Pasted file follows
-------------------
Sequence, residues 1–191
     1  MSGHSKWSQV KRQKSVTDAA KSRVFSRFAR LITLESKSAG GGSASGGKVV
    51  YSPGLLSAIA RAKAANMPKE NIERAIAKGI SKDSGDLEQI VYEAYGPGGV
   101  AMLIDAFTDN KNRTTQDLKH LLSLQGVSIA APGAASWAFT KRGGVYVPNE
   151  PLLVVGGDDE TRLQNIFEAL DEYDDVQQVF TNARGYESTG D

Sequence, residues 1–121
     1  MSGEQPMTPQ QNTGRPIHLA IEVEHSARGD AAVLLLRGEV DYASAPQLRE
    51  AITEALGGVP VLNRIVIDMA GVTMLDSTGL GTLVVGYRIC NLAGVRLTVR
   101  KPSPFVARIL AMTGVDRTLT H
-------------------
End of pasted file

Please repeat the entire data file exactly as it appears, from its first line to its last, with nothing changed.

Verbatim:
Sequence, residues 1–191
     1  MSGHSKWSQV KRQKSVTDAA KSRVFSRFAR LITLESKSAG GGSASGGKVV
    51  YSPGLLSAIA RAKAANMPKE NIERAIAKGI SKDSGDLEQI VYEAYGPGGV
   101  AMLIDAFTDN KNRTTQDLKH LLSLQGVSIA APGAASWAFT KRGGVYVPNE
   151  PLLVVGGDDE TRLQNIFEAL DEYDDVQQVF TNARGYESTG D

Sequence, residues 1–121
     1  MSGEQPMTPQ QNTGRPIHLA IEVEHSARGD AAVLLLRGEV DYASAPQLRE
    51  AITEALGGVP VLNRIVIDMA GVTMLDSTGL GTLVVGYRIC NLAGVRLTVR
   101  KPSPFVARIL AMTGVDRTLT H